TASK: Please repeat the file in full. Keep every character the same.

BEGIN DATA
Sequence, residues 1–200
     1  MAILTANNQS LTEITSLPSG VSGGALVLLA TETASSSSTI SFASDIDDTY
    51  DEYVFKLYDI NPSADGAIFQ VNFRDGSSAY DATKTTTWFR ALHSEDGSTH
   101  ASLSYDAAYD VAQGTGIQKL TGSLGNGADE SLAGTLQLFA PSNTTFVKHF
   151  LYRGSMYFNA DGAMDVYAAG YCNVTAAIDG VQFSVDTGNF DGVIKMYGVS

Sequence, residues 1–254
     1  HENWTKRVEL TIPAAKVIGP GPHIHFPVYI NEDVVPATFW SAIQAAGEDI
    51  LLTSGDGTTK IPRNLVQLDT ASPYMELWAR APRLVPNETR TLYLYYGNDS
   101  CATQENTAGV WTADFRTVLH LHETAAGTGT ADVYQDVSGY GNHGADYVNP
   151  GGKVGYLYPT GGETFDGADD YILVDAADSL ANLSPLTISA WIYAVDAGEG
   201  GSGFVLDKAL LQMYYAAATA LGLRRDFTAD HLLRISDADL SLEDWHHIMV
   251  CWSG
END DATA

Sequence, residues 1–200
     1  MAILTANNQS LTEITSLPSG VSGGALVLLA TETASSSSTI SFASDIDDTY
    51  DEYVFKLYDI NPSADGAIFQ VNFRDGSSAY DATKTTTWFR ALHSEDGSTH
   101  ASLSYDAAYD VAQGTGIQKL TGSLGNGADE SLAGTLQLFA PSNTTFVKHF
   151  LYRGSMYFNA DGAMDVYAAG YCNVTAAIDG VQFSVDTGNF DGVIKMYGVS

Sequence, residues 1–254
     1  HENWTKRVEL TIPAAKVIGP GPHIHFPVYI NEDVVPATFW SAIQAAGEDI
    51  LLTSGDGTTK IPRNLVQLDT ASPYMELWAR APRLVPNETR TLYLYYGNDS
   101  CATQENTAGV WTADFRTVLH LHETAAGTGT ADVYQDVSGY GNHGADYVNP
   151  GGKVGYLYPT GGETFDGADD YILVDAADSL ANLSPLTISA WIYAVDAGEG
   201  GSGFVLDKAL LQMYYAAATA LGLRRDFTAD HLLRISDADL SLEDWHHIMV
   251  CWSG